Bokanovskified Production: Food and Nutrition in Modern Age
Ninety-six identical twins working ninety-six identical machines! […] The principle of mass production at last applied to biology. —Aldous Huxley
How often do we pay attention to what we eat and drink today? How many times have you reconsidered buying a pile of nicely arranged, seemingly spotless and “glowing” apples and tomatoes at the local supermarket? In the age of genetically-modified food, excessive production and hyper-consumerism, horrific concentration of pollutants, and the plastification of food containers and packaging, the good old saying You are WHAT you eat! has become more pertinent than ever before. By now, numerous studies on the dangers of plastic bottles, canned food, and the BPA synthetic compound have been released, with a primary focus on their harmful effects on humans, such as hormonal imbalance and the development of malignant cells in the body. Not to mention the dangers of microwaves and pre-cooked food, specifically designed for the “microwave effect.” A number of scientific studies conducted over the past 15 years have come out with shocking discoveries on cooking and heating food in microwaves. Even though scientists and food nutritionists are still largely divided on the potentially harmful levels of radiation emitted from the microwaves, we now have documented evidence that microwaves turn perfectly healthy, organic food into a “dead” substance. Firstly, the rapid heating of food in the span of several minutes only causes your food to lose its natural nutritional structure, including all of the organic antioxidants, vitamins and minerals; secondly, microwaving the food in plastic containers, cellophane and/or aluminium wraps–as many people tend to do–can easily lead to a leakage of all the toxic compounds contained in the container. Not to mention that pretty much all of the pre-cooked food is injected with additives and artifical supplements, otherwise, the plasticized container of pasta with meatballs would not be able to sit on store shelves for five days or longer. Just think of how your own pasta dish, when left to sit overnight, tastes the following day. It, most certainly, does not taste as a freshly cooked pasta that takes approximately 15-20 minutes to make (and in a homemade sauce).
In that respect, inevitable questions arise: “What is the actual purpose of consuming ready-made food?” “How much time during the day do we REALLY save buying and heating ready-made food, if such food facilitates the deterioration of our health, and cuts down our time on the planet?” As has been well documented, a large percentage of people in economically viable countries live off pre-cooked meals, consumed either in a restaurant or the comfort of their home. According to most people, the most common reason for this is the lack of time to buy and/or cook food at home, due to work-related obligations. Despite that, does anyone ever think how much time is spent using your smartphone to text your friends back and forth, to play those mind-numbing games on your bus rides to and from work, or to use your phone for “liking”, “posting” and “commenting” on profuse, oftentimes irrelevant Facebook or Instagram posts? Or yet, how much time do you spend working out at the gym, just to go back home to your pre-cooked meal or pretend to eat healthy at an expensive restaurant.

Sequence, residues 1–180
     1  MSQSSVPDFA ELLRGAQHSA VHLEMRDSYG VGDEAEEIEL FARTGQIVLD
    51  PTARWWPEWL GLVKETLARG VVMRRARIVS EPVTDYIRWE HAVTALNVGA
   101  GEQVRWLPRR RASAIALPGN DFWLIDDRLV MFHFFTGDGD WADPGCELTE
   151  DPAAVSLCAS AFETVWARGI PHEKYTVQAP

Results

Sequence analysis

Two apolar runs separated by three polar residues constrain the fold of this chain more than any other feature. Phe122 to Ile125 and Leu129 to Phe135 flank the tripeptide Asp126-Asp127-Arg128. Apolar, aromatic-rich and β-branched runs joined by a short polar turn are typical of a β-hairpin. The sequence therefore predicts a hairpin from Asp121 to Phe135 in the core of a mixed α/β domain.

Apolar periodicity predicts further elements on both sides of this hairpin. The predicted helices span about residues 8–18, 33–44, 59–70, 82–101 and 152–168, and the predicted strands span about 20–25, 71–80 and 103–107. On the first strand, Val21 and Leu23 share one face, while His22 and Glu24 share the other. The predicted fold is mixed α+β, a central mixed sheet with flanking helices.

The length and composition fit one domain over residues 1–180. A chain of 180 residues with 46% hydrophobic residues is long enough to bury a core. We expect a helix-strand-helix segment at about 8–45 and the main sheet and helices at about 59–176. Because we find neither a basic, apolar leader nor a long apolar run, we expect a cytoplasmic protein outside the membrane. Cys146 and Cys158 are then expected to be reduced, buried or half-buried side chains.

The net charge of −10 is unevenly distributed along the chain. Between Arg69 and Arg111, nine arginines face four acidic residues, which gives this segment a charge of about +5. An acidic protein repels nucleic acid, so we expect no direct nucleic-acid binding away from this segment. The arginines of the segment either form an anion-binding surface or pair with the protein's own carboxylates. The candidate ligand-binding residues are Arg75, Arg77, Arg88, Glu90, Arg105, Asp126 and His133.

Speaking of the eating habits of modern humans in an economically viable society, I cannot help but think of the beautifully ominous descriptions of hyper-production and consumerism in Aldous Huxley’s pioneering work Brave New World. While the book itself warns the readers of the dangers of state capitalism and advanced capitalism, it also points to the inevitable problems with genetic and social engineering. One of the most captivating sections in the book is Huxley’s description of the so-called “Fertilizing Room” inside the Central London Hatchery and Conditioning Centre, where the process of hyper-production and social predestination takes place. Namely, human subjects are treated as disposable commodities that can be produced, altered, redesigned, and multiplied at any time, by means of the Bokanovsky’s Process:
One egg, one embryo, one adult - normality. But a bokanovskified egg will bud, will proliferate, will divide. From eight to ninety-six buds, and every bud will grow into a perfectly formed embryo, and every embryo into a full-sized adult. Making ninety-six human beings grow where only one grew before. Progress. (Brave New World, pp. 3-4)